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These sister-towns are the gateway to the east side of the Sange de Cristo Range. There honestly aren’t many notable attractions within the city limits, but the views are breathtaking, the amount of nearby trailheads is nearly overwhelming and Tony’s Mountain Pizza has the best pies I’ve yet to find in Colorado. You could literally spend weeks in this area camping for free, hiking a quality 13er or 14er every day and refueling with a different pizza every night. Once someone opens a brewery here, it’s game over, man. Anyone want to throw in with me?

Notable omissions, with reasoning:

Estes Park: Flooded with tourists, lack of free dispersed camping areas, fee required to enter Rocky Mountain National Park, only one (overloved) 14er and you have to go through Boulder to get there.

Aspen: Unless you have a trust fund…

Silverton/Telluride: Proximity to Ouray and Durango. I didn’t want this to turn into a list of only mountain towns in the San Juans, which would be pretty easy. I regard both Silverton and Telluride as highly as the other Southwest Colorado entries.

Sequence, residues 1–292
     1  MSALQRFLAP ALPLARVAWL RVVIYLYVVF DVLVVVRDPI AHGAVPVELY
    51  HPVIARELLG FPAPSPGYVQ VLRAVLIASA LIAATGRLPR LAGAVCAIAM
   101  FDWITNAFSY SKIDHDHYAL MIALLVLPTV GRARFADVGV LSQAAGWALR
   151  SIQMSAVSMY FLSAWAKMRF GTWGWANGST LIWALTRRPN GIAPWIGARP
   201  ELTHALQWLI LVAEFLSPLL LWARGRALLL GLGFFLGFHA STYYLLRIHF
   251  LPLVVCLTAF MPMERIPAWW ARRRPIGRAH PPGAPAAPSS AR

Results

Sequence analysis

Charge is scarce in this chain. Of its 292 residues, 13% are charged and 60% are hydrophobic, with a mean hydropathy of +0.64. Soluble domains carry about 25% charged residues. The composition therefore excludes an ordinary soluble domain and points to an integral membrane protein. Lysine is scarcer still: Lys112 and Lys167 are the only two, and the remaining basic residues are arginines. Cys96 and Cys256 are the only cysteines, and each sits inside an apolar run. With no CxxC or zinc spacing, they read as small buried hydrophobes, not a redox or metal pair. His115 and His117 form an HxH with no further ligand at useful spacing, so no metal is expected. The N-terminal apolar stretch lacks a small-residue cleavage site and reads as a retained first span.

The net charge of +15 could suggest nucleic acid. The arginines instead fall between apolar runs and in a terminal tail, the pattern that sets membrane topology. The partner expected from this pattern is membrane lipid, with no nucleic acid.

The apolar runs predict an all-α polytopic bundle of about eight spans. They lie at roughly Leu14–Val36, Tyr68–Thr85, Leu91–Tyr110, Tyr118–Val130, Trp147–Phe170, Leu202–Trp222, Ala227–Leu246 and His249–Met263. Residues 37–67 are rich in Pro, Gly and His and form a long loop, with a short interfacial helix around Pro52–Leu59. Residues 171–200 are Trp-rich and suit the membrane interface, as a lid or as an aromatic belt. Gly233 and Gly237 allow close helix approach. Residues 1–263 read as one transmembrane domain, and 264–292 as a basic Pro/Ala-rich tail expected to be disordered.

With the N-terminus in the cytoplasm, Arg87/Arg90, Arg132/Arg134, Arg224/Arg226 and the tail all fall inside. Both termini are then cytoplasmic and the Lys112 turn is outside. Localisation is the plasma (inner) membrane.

Pagosa Springs: If only Pagosa had more nearby 13ers/14ers, it wouldn’t just be on the list — it would be near the top. It’s a fantastic town on the borders of both the Weminuche and South San Juan wilderness areas.

Alamosa: It’s the biggest settlement on the west side of the Sangres, but shockingly, you just don’t go through it that often in the pursuit of summits. San Luis Valley Brewing Co. is a treat during the rare visit.

Leadville: No brewery, a kind of depressing vibe and only two passable restaurants (High Mountain Pies and Tennessee Pass Cafe). Turquoise Lake is a worthwhile weekend destination, though.

A Legend Passes: In Memory of Steve Gladbach